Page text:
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Tuesday, December 14, 2004
  Piano Concerto in A Major, K. 488, Allegro (first movement)
Wolfgang Amadeus Mozart (1756-1791)
Norton Recorded Anthology of Western Music, CD 8 Tracks 12-27

When I was younger, less calm of mind, I did not like to listen to Mozart's piano music. Man, did I love Schoenberg, though. I still do but I have grown to understand what to listen for in a piano concerto like this one that has so many darn scales. Mozart loved to fit things together. He loved that logic that no theorist could pin down. That elusive quality that fits things together in a way that can only be described as musical.

There is a joy for music in Mozart's work that I have heard in one other composer. Oddly, perhaps, that composer is Boulez. Though so far apart in style and time, the two share a quickness in mind and a delight for their craft.

It is a shame, and I think safe to say, that there will not be a Third Viennese School. The patrons of the first and the self-importance of the second are forever gone from this earth, now cluttered with radio stations, TV, and electric guitars. What could it be like, if, somehow, it were possible? From the first Viennese composers we have the desire to see the world politely. It is the philosophy of the Enlightenment expressed through Major and minor scales and their attendant triads. Realizing the weakness of reason and the persistence of war, the second Viennese put raw flesh on stage (so to speak) and pulled from it the tone rows that they believed indicated a new path. But what path is there when we can see the whole world at once?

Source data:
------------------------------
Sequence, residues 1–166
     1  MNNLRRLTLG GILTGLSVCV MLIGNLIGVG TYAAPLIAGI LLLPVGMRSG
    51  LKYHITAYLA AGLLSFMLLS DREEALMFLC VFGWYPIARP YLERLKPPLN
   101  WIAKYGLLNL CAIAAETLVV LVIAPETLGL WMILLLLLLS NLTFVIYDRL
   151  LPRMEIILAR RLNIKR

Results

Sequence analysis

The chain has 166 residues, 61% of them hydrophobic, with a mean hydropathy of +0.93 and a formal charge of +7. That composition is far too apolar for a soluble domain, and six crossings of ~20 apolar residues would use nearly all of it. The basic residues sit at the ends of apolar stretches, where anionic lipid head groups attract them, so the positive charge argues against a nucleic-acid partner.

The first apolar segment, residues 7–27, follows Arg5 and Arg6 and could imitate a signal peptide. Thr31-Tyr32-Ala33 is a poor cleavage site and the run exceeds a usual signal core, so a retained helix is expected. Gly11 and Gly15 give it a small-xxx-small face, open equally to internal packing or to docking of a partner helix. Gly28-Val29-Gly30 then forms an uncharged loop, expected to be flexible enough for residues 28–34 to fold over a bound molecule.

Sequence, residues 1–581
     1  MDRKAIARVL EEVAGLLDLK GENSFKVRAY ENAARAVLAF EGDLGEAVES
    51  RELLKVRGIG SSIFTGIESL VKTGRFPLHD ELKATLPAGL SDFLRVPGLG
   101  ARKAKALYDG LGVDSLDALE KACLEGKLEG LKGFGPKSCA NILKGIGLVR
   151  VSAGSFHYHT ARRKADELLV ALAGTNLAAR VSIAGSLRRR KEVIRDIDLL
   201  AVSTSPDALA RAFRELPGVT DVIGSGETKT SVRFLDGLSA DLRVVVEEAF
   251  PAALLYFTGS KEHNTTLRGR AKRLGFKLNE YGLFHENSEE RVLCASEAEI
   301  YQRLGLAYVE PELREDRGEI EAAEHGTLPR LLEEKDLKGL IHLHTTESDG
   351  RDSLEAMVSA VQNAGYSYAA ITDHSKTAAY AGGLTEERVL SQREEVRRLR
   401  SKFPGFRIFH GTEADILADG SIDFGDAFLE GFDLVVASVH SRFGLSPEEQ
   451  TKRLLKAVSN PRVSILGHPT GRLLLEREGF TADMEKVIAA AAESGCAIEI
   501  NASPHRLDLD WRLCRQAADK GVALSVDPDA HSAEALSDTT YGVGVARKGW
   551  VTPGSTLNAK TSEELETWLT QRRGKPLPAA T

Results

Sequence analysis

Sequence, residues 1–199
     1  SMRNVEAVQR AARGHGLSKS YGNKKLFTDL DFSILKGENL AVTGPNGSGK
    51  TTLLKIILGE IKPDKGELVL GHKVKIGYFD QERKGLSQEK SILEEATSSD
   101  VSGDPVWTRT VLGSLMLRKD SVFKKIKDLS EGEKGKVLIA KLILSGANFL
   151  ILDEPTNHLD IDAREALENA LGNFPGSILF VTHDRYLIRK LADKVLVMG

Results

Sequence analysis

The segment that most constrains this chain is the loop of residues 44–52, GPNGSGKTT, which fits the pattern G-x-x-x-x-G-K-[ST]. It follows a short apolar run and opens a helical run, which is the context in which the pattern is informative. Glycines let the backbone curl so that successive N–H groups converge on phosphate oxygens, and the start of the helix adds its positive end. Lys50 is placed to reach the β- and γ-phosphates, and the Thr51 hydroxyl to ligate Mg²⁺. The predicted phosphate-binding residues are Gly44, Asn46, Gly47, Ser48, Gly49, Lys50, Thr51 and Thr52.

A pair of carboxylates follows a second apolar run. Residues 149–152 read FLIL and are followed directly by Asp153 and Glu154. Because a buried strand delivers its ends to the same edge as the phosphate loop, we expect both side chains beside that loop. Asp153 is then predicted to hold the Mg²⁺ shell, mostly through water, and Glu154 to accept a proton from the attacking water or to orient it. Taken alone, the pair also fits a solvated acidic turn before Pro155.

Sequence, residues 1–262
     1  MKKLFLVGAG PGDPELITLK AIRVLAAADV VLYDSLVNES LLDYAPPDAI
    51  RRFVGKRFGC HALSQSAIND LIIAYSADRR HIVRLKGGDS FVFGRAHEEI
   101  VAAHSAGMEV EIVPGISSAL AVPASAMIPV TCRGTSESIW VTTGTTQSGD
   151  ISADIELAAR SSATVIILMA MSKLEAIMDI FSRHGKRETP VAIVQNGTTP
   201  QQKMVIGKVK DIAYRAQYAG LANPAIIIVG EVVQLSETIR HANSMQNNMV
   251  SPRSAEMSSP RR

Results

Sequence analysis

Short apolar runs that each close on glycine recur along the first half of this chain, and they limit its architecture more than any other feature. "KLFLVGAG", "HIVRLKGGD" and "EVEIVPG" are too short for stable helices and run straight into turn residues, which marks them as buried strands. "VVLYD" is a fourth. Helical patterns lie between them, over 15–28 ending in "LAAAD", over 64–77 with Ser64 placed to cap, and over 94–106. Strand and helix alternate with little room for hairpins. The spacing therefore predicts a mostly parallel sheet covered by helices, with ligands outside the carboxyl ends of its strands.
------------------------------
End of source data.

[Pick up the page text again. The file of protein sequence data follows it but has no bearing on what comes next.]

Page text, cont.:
Interesting that in your younger years you would listen to Schoenberg and not Mozart. I'm in the middle of listening to all the American piano modernists (Cowell, Ornstein, Ives etc.) but Mozart to me complements that music and is still listenable (where unfortunately Schubert, for now, is not). I've also recently been listening to Busoni, who I'm starting to see as a bridge from the 19th century.

Robert Gable
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In January 2004 I starting writing an opinion for each selection in the Norton Recorded Anthology of Western Music. Now, more than a year later, I am almost finished. Soon, I will have an archive full of opinions on the music we so carelessly call "classical." And no one can stop me.

Location: Cincinnati, Ohio, United States

Director of the Contemporary Performer's Workshop... Music Teacher for St. Aloysius Gonzaga School... Principal 'Cellist of the Springfield Symphony Orchestra... Composer

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